• Are you apologizing out of fear?
  • What are you afraid will happen if you have a conflict?
  • What have been your experiences with conflict in the past?
  • How were these past conflicts resolved?
  • Would apologizing mean accepting blame that doesn’t belong to you?

Believe that you matter. Hendricks stressed the importance of believing that you’re just as important as anyone else and your thoughts, words and wants are of value. And it’s OK if you have to “fake it till you make it,” because you don’t believe that you matter. Yet. Try to see every situation, along with your thoughts, feelings and behaviors, through that lens—that, yes, you do indeed matter, she said.

Replace self-defeating thoughts. According to Hendricks, if your mind tells you, “There’s no way you can do this,” you might say: “Yes, I can, and this is how I will,” or “I may not know how I will get there, but I will do my best to find out.”

Psychologist Mary Plouffe, Ph.D, suggested transforming self-defeating thoughts by considering these questions: “Would I say that to anyone else I wanted to support? … Is there anything useful that can come out of my holding onto this thought? If not, how can I transform it into something I can use to help me? Does it reflect the truth or just my worst fears about myself and the world?”

Be intentional about what you consume. If we consistently read or hear messages that say we’re not important or enough, over time, these words will become belief systems that strengthen our insecurity and self-doubt— and lead us to needlessly apologize, Hendricks said.

She noted that there are many conflicting messages about who we’re supposed to be, and how we’re supposed to think and act. “Men are supposed to be sensitive, but also strong enough to take care of a family; they are supposed to anticipate a woman’s needs while also knowing when to speak and when to listen.” Women, she said, are criticized for everything.

“With all the noise out there, it’s vital to pay attention and filter what messages are flying your way.”

Be particular about the people in your life. Surround yourself with people who “support your right to an opinion, even if it’s different than their’s, who make room for your wants and needs, and who treat you as a person with value,” Hendricks said.

Seek therapy. Working with a therapist can be invaluable in helping you gain a deeper understanding into why you over-apologize and do something about it.

Take the example of shame: Shame conceals the parts of ourselves that feel bad and unlovable. These parts have been in a kind of “deep freeze with layers and layers of shame around them to try to keep them from being discovered,” said Saidipour. Therapy involves creating a safe relationship with a therapist so you can first become aware of this shame.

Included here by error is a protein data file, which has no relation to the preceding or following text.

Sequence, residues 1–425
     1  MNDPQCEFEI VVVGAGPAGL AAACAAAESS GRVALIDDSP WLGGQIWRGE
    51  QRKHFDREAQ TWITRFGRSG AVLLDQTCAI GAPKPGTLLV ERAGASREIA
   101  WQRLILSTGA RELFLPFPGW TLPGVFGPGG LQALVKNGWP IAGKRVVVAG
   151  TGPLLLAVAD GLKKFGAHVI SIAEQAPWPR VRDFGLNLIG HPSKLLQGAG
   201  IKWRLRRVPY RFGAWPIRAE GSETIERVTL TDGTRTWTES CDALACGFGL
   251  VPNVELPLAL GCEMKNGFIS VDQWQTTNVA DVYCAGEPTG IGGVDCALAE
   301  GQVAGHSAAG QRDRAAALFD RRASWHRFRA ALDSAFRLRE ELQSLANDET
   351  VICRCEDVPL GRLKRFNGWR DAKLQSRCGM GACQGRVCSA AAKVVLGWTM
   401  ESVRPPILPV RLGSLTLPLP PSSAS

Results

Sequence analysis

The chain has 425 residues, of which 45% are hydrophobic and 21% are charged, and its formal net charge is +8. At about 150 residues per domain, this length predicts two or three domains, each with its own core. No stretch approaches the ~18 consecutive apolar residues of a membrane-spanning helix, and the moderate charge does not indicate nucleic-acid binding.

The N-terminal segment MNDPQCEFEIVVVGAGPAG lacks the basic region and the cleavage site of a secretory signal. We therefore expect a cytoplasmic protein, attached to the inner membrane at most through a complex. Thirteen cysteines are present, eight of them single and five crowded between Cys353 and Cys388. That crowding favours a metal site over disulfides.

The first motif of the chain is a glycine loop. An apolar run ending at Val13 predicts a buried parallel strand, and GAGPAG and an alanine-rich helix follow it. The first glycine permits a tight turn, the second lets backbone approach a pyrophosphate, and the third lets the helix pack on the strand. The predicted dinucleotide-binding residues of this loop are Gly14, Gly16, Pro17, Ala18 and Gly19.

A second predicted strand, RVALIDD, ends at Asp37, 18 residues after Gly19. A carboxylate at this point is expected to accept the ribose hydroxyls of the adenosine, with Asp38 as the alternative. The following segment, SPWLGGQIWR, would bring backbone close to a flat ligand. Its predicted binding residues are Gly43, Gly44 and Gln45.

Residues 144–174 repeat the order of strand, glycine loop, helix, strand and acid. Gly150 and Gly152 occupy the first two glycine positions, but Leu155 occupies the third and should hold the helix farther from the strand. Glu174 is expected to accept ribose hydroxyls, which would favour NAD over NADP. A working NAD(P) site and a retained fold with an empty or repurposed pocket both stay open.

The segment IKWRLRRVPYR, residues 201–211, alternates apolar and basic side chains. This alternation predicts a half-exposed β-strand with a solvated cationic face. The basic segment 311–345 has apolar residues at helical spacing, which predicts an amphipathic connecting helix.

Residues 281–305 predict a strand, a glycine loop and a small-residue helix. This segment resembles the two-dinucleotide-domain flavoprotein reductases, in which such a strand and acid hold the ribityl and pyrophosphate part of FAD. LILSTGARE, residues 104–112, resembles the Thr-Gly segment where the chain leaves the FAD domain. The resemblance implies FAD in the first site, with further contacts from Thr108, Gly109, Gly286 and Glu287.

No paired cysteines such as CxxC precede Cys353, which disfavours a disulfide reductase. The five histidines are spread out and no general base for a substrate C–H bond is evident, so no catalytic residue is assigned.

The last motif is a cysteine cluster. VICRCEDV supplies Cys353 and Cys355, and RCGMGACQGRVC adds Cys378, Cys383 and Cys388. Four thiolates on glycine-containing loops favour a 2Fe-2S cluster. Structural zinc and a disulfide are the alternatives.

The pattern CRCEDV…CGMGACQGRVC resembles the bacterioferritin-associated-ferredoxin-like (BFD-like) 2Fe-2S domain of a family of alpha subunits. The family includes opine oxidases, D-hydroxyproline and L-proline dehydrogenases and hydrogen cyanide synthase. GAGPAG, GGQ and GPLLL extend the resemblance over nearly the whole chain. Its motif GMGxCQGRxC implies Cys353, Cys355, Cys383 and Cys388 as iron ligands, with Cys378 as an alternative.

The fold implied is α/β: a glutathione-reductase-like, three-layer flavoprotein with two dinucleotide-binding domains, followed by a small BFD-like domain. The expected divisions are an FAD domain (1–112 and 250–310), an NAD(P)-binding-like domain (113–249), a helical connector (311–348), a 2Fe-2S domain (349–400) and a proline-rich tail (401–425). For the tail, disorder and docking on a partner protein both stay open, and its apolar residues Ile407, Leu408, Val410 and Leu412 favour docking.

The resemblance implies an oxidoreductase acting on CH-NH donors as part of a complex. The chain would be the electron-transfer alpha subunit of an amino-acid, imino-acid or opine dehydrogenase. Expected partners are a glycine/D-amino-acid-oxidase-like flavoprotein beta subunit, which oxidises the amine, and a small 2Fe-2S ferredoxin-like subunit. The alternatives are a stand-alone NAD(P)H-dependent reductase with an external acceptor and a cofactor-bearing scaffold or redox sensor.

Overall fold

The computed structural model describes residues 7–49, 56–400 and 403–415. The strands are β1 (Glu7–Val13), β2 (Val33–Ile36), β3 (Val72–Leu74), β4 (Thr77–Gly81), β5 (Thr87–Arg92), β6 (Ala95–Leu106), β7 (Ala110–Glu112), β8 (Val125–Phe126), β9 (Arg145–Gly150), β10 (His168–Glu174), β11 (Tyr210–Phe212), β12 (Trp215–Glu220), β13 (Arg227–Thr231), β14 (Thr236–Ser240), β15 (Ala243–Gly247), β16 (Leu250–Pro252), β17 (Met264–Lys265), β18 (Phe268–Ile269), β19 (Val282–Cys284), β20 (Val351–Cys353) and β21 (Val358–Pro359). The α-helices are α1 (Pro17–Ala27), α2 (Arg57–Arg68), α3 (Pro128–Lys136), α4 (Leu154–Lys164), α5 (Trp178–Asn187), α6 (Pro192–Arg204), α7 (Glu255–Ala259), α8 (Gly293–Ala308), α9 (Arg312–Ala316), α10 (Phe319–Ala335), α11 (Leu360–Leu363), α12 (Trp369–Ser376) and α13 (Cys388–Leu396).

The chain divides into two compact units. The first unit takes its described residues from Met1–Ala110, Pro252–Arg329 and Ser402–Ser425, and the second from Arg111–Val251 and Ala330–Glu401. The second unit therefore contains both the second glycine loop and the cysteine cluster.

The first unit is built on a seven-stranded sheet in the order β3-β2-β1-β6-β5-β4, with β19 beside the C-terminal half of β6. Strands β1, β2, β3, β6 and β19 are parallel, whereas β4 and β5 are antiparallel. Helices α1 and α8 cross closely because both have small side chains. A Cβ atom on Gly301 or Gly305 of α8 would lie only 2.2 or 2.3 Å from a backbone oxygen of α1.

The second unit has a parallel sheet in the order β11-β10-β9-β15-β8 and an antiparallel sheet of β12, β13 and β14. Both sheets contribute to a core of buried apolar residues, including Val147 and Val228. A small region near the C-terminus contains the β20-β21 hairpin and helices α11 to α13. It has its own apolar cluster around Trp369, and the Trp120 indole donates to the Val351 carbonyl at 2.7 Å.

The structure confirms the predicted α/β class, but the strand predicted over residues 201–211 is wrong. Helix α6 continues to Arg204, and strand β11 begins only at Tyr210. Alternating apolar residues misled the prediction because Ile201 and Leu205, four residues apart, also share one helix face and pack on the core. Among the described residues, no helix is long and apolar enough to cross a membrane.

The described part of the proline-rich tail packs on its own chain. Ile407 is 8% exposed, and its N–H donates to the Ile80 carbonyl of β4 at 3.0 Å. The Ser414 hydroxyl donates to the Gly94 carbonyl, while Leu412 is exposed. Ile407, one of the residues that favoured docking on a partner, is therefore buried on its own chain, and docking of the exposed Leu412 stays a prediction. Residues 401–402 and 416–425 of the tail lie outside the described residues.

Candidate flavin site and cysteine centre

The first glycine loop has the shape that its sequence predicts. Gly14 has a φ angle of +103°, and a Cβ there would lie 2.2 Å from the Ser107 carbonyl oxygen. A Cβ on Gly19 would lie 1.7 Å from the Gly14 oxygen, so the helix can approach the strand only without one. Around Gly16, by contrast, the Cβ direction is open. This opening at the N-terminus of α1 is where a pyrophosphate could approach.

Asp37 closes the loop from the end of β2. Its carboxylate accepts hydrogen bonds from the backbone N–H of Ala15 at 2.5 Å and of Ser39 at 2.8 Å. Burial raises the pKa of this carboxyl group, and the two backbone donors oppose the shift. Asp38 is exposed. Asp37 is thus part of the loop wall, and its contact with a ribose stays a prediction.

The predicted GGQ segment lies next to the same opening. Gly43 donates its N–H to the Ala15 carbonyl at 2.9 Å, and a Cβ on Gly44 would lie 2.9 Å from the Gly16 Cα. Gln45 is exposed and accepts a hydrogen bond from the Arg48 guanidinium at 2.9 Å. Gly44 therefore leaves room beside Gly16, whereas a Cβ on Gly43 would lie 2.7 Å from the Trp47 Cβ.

“Over time in therapy we can get curious together about the backstory of the how, when, and why those parts got sent to deep freeze, who sent them there, and why they’re wrapped up with so much shame. This process, of being deeply known to another person and of creating a narrative together about the origins of those shame-laden frozen parts, starts to dissolve the shame and thaw those parts of ourselves so that we can live more fully and freely moving forward.”

Typically, this shame is tied to parts of ourselves that weren’t accepted or understood as we were growing up. Which leads us to think that these parts are clearly awful (and must be hidden). Therapy can help us realize that they’re not so shameful, after all—and maybe even gain a new appreciation for them, Saidipour said.

Your tendency to over-apologize can be an important clue into what you need to work on. And that’s a good thing. Because once you know what’s driving your seemingly automatic apologies, you can start making meaningful changes.

Why You Can’t Stop Apologizing—Even When You’re Clearly Not at Fault

Margarita Tartakovsky, M.S.

Margarita Tartakovsky, M.S. is an Associate Editor at Psych Central. She blogs regularly about body and self-image issues on her own blog, Weightless, and about creativity on her second blog Make a Mess.

APA Reference
Tartakovsky, M. (2019). Why You Can’t Stop Apologizing—Even When You’re Clearly Not at Fault. Psych Central. Retrieved on May 19, 2019, from https://psychcentral.com/lib/why-you-cant-stop-apologizing-even-when-youre-clearly-not-at-fault/
Scientifically Reviewed
Last updated: 21 Feb 2019
Last reviewed: By a member of our scientific advisory board on 21 Feb 2019
Published on Psych Central.com. All rights reserved.